If you're a regular reader of this blog, I think it's fair to say that you probably question many of your purchases.
We've learned to be suspicious of the BPA in sippy cups, the lead in the cot paint, and the fire retardant in our baby's car seat. We look into the origins of everything from toys to vegetables to clothes, conscious of things like pesticides and sweatshop labour practices.
But when you've got a bar of chocolate in your hand, do you stop to think about where it came from? While it gives you pleasure, did it cause someone else misery?
Unfortunately, chocolate has a bloody history. And it's still a problem today. A 2010 study
found that about 1.8 million children between the ages of 5 and 17 were working on cocoa plantations in Ghana and in Côte d’Ivoire.
About 40% of children weren't enrolled in schools. And only 5% of the Ivorian children were paid for their work. In addition, UNICEF reports that about 35,000 Ivorian children working on cocoa plantations were victims of human trafficking.
In her 2006 book Bitter Chocolate
, award winning author Carol Off describes
the physical and psychological suffering of these child slaves.
“The farmers… were working the young people almost to death. The boys had little to eat, slept in bunk-houses that were locked during the night, and were frequently beaten. They had horrible sores on their backs and shoulders…”
According to Off, children are made to do hazardous work leading to inevitable accidents. They're regularly exposed to pesticides, and are fed only bananas and corn paste, the cheapest food available.
These human rights violations have long been made public. Yet many of the word's major chocolate manufacturers can't guarantee that their production does not involve slave labour. These include huge corporations like Hershey, Nestlé, ADM, and Cargill.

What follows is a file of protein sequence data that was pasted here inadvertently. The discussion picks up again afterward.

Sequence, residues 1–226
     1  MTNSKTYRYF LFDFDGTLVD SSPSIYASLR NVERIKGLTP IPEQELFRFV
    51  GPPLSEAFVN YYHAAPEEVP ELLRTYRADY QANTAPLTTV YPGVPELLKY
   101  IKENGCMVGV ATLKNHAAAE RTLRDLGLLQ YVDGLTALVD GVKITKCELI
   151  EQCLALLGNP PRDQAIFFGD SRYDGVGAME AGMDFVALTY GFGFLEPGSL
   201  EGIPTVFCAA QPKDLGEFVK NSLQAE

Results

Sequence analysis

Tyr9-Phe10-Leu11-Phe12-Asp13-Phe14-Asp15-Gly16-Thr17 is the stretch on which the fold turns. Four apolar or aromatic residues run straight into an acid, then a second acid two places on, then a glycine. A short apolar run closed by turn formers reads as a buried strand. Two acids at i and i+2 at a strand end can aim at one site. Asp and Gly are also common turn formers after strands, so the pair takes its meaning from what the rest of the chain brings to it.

Part of the problem, Off says, is that chocolate is considered a universal luxury. Because it's inexpensive and easily available, consumers take it for granted. So people fail to pressure 'Big Chocolate' into making sure that they use fair labour practices.
So what's the solution?
How about fairtrade chocolate?
Fairtrade chocolate is made from cocoa bought from farmers at a fair price. Fairtrade
is a growing social movement. It aims to help producers improve working conditions and get better terms of trade. It's mainly focused in developing countries in Africa and South America.
When you buy a product with the Fairtrade mark, you help small farmers and producers work in decent conditions, strengthen their businesses, and support their communities.
That's not to say that there are no issues with Fairtrade, either. There are concerns
that Fairtrade certification for coffee leads to uneven economic advantages for farmers and lower quality for consumers. It's probably safe to say that there are similar issues with chocolate. But that's not enough reason to ignore Fairtrade and continue to buy chocolate produced with slave labour.
Fairtrade chocolate certification and brands
There are a few different organisations that certify Fairtrade. These include Fairtrade Australia and New Zealand, Fairtrade USA, the Fairtrade Labeling Organization, UTZ Certified, the International Federation of Organic Agriculture Movements, the Max Havelaar Foundation, and the RainForest Alliance.
There are several fair trade chocolate brands available in Australia
. These include Cadbury, San Churro, Alter Eco, and Green and Black’s. Also look out for other fairtrade brands in health stores and online, too. There's eatingEVOLVED, Evolla, Loving Earth, and SRSLY Chocolate.
Look for labels like 'direct trade' and 'bean to bar'. These labels tell you that the company that made your chocolate bar has a direct relationship with their suppliers. It can also tell you that the company that makes the chocolate sources the cocoa beans themselves.
Some premium chocolate companies, like Lindt
, choose to implement their own traceability and sustainability standards. This way, they ensure that they have the best cocoa beans, and deal directly with farmers.
Organic and Non-GMO labelling is important, too. But you don't know whether the growers got a fair price for their crop, or whether fair labour practices were observed.
Is Fairtrade chocolate important to you? What will you be choosing this Easter?